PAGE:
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Could the UK switch to online voting?

March 5, 2015 by in category News with 0 and 0

With the General Election coming up, we have been considering the UK’s voting process. As we now conduct so many important aspects of our lives online, from shopping to socialising to dating, it seems a little anachronistic that we still vote using paper and ballot boxes. But would the concept of online voting ever actually work in practise?

The current electoral system involves people making their selections with pencil crosses on slips of paper which are then counted by hand. When it comes to such a momentous issue as who is going to run the country, it seems strange that we are still carrying out elections in such an old fashioned way. There is also the potential for problems such as votes being miscounted or lost, which could have an effect on the final outcome. If a mistake does occur, there is no real way of fixing the issue other than going back to the beginning and recounting all the votes.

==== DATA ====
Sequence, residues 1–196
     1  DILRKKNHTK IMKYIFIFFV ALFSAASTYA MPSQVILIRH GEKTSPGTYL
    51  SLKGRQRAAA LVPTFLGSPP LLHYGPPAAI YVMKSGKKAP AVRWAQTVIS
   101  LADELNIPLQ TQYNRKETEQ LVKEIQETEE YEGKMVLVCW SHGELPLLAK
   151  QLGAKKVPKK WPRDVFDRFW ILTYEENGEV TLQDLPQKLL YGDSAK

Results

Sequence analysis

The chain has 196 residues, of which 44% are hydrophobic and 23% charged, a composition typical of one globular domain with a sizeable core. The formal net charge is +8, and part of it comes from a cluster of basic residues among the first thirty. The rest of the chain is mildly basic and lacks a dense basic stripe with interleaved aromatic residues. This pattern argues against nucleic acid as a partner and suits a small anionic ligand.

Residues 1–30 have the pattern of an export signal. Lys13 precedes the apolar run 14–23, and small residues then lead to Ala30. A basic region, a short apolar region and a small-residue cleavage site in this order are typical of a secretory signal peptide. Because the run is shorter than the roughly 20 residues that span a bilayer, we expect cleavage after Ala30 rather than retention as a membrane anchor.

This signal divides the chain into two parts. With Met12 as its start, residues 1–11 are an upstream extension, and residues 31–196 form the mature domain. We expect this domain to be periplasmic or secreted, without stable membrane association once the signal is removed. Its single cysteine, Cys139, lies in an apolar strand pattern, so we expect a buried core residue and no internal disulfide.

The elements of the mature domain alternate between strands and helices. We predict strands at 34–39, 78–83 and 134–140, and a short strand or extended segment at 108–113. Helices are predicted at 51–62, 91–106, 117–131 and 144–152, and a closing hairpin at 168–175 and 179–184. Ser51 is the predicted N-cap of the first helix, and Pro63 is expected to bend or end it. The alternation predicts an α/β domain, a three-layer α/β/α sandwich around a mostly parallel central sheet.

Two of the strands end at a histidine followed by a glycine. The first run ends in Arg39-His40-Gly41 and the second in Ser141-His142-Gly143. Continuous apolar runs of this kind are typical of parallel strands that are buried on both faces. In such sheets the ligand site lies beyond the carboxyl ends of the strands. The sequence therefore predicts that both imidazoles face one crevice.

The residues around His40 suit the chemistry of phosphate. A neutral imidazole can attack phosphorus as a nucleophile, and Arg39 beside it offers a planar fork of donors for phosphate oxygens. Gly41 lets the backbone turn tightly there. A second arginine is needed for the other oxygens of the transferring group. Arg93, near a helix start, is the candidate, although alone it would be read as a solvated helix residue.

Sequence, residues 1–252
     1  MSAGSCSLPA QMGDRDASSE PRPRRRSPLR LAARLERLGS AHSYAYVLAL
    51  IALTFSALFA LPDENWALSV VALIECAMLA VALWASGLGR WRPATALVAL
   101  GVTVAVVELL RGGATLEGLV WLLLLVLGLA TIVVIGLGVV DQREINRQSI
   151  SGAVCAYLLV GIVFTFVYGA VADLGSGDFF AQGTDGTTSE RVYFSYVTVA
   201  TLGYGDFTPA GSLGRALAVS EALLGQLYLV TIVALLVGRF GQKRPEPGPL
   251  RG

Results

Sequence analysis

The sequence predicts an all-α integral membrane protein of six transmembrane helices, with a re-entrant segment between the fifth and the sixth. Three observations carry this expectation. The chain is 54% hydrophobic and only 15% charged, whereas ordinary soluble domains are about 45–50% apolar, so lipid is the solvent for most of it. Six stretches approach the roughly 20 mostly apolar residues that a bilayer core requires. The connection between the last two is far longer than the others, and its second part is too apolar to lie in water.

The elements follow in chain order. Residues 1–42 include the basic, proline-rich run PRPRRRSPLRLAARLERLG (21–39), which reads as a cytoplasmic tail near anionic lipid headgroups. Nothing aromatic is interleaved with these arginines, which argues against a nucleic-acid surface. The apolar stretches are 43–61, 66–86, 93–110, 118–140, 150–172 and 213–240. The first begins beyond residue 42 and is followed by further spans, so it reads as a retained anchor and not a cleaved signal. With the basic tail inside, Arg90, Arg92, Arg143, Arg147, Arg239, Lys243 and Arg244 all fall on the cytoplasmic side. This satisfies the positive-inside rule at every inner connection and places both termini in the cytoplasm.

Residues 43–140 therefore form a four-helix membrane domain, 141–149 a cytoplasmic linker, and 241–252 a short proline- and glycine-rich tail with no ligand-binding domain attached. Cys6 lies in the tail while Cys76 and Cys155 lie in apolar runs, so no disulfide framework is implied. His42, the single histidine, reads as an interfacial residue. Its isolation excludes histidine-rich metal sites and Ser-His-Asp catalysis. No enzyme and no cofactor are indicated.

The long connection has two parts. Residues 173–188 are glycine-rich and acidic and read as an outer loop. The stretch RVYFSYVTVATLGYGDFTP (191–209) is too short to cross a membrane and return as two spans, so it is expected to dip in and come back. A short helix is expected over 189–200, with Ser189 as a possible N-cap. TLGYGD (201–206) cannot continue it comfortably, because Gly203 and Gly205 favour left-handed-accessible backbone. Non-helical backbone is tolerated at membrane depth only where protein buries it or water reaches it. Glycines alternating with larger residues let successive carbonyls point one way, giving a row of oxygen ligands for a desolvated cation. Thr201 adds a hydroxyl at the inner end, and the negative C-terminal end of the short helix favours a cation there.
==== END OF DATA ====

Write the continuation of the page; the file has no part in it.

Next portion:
Many politicians have backed online voting, with Labour pledging to pilot new electronic voting systems, and studies have shown that 65% of the public support the idea too. It is thought that switching to an online system would improve efficiency, reduce costs and improve security. It would also be more convenient for voters; without the need to actually go to a designated polling station, more people would be likely to cast a vote and turnout would be significantly boosted.

However, there are also fears that electronic voting would make fraud easier and undermine the democratic process, with those in power able to simply manipulate the system to show false results, with no paper trail to worry about. If a tracking or trailing system was incorporated in the electronic voting process, this would essentially violate the principle of voting being secret and anonymous. If people are able to cast votes online, it would not be guaranteed that votes cannot be stolen, forced or given away. These are fundamental issues which cannot be ignored.

The paper system may have its faults, but there are also inherent downsides to an online voting system which means it is not an easy issue to answer. If a new system is introduced, it will require care, research and possibly a few changes to the basic voting system.

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